Conference at Naperville hotel focuses on minority health issues
By Susan Frick Carlman email@example.com April 5, 2012 12:10PM
On the web
Information about the impact on uninsured and underinsured populations of changes slated to take effect in 2014 through the Patient Protection and Affordable Care Act can be found at illinoishealthmatters.org.
Updated: May 7, 2012 8:13AM
Health care reform stands to lift up minority populations that now lack a full range of services — if it stands up to the current challenge in the nation’s top court. Activists say that could mean less illness in underserved communities, and a lower health bill for U.S. taxpayers.
Those premises laid the foundation for the kickoff Wednesday of the Illinois Department of Public Health’s inaugural Minority Health Conference at the newly opened Marriott Chicago Naperville hotel on Naper Boulevard. The theme for the meeting was “Eliminating Health Disparities through Community Transformation.”
In 18 breakout sessions over two days, participants covered a broad range of workshop topics, from hepatitis and heart health to urban farming and social media’s role in public health. The common denominator was discrepancies in access to health care between economically comfortable communities and areas where low incomes predominate and minorities comprise a majority of the residents.
“We know that health disparities exist across communities of color,” said event chairwoman Doris Turner, who heads the state health department’s Center for Minority Health Services.
Stephen Konya, the agency’s chief of staff, noted that minority populations in Illinois continue to have shorter life expectancies than Caucasian residents. Among the women in the state who are HIV positive, 70 percent are African American, he said.
An underlying theme of the advocates’ work is that, because no one is turned away from emergency care, treating illness costs the taxpayer far more than taking steps to keep people well. The federal Patient Protection and Affordable Care Act is expected to help by ensuring expanded access to preventive care.
Kenneth Munson, a regional director for the U.S. Department of Health and Human Services, said minority populations have higher rates of infant mortality and death from coronary heart disease and are admitted to hospitals for treatment much more often than non-minorities. Some 75 percent of health care spending goes to addressing conditions that may be preventable, he said.
But while 50 million Americans do not have health insurance coverage, even though three-quarters of them are employed, Munson said implementation of the health reform measures continues to encounter opposition. He thinks communication is key.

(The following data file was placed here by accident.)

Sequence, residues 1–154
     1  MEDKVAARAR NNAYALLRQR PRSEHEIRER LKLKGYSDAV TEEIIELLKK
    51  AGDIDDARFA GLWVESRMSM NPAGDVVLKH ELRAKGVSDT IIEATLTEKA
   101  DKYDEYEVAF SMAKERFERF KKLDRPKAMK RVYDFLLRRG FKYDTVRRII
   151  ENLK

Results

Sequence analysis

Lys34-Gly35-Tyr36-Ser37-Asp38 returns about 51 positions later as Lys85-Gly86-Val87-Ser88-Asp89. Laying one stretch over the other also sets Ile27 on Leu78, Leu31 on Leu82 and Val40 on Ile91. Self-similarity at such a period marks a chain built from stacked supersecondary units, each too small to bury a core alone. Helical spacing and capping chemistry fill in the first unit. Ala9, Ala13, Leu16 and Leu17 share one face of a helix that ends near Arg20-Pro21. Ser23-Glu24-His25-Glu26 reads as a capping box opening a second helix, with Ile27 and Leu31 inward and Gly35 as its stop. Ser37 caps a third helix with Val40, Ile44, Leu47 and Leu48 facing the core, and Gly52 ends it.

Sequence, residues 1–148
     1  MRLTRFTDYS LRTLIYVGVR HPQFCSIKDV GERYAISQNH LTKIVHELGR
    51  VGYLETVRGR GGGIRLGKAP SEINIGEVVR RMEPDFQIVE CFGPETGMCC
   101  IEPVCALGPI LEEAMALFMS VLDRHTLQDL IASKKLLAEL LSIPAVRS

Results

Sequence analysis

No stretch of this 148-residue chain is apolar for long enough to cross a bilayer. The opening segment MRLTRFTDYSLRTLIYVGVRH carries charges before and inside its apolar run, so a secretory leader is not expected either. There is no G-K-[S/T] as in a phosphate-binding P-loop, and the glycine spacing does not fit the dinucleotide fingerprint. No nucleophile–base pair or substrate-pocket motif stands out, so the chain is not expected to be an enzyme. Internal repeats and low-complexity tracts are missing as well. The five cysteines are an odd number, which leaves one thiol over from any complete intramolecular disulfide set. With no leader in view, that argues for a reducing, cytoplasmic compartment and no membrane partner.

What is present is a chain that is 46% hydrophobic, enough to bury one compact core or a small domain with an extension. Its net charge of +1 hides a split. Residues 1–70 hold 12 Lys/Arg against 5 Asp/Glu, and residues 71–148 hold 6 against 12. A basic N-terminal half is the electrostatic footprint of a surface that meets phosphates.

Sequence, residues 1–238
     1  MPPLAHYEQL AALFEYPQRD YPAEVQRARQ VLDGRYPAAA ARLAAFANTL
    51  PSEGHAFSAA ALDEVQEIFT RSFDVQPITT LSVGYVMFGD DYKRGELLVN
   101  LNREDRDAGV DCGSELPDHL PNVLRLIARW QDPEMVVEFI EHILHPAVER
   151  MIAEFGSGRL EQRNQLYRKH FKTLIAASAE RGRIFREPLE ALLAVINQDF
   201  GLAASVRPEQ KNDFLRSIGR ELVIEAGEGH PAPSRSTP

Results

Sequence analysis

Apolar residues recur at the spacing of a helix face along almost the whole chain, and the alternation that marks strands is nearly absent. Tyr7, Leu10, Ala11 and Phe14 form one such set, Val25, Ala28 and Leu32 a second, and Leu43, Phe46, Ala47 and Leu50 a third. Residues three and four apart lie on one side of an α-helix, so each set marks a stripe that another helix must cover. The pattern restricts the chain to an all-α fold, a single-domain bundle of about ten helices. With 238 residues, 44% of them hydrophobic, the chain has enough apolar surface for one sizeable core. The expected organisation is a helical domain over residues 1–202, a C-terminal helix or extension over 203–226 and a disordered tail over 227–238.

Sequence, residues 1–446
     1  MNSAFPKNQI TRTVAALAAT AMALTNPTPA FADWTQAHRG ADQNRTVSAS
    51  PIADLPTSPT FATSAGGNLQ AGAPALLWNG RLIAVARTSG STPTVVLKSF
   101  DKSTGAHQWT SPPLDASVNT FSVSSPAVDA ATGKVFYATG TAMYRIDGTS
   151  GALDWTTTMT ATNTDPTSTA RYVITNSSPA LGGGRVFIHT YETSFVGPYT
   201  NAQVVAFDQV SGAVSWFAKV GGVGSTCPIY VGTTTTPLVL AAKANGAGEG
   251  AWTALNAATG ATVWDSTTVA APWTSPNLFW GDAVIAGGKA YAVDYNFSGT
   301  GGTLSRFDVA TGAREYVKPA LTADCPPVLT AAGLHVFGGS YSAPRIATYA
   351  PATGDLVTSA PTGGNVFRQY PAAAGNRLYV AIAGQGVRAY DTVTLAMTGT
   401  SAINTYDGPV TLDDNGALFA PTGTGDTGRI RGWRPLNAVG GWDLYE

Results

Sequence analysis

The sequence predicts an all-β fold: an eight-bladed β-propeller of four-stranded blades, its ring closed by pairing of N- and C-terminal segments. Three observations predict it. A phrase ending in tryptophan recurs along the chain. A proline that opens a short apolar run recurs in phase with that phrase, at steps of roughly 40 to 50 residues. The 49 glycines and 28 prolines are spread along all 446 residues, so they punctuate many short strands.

“It’s especially clear that there’s a lack of information about what the law is and what it covers,” he said.
Among the act’s provisions that already are in effect are wellness services now available at no cost, such as cancer screenings, well-baby care and contraception. Munson said the state’s preventive diagnostic procedures went up by more than one million last year after those features were implemented.
Laura Leon of the Campaign for Better Health Care said the health reform measures are triggering a fundamental shift in the nation’s approach to health care.
“We’re not dealing with sick care,” Leon said. “We’re actually dealing with health care.”
According to the Illinois Health Matters coalition, nearly 9 percent of the residents of Naperville, Winfield and Wayne townships — a total of 18,664 people — will benefit from pending changes created by the act. About 4,600 more residents of the townships will become eligible for Medicaid benefits, and more than 14,000 will be helped by the exchange feature.
Leon’s organization believes the anticipated expenses of universal health care guarantees can be met with new fees assessed on insurance providers.
“The insurance industry, even though times have been hard, has been making profits,” Leon said.
Misunderstandings about the potential costs and other misconceptions about the reform persist, she said.
“Many times people think, ‘Oh, the Affordable Care Act is not going to help me, it’s not going to help my community,’” she said.
Leon cited findings reported by the nonpartisan Herndon Alliance that one-quarter of those polled about their opinions of health reform changed their stance after learning the details of exchange. A primary feature of the act, it provides a guarantee of coverage and ensures patients can remain with their current health care provider.
Political interests frequently place obstacles in the way of the education effort, Leon said. Republican legislators, including all of the contenders for the GOP nomination to challenge President Barack Obama’s re-election in November, have led the charge to repeal the health care act. The appeal is being considered by the U.S. Supreme Court, which is expected to issue its findings in June.
“Some people don’t want us all to be healthy, and so they’re fighting it,” Leon said. “But it’s OK, because we know we have a good law.”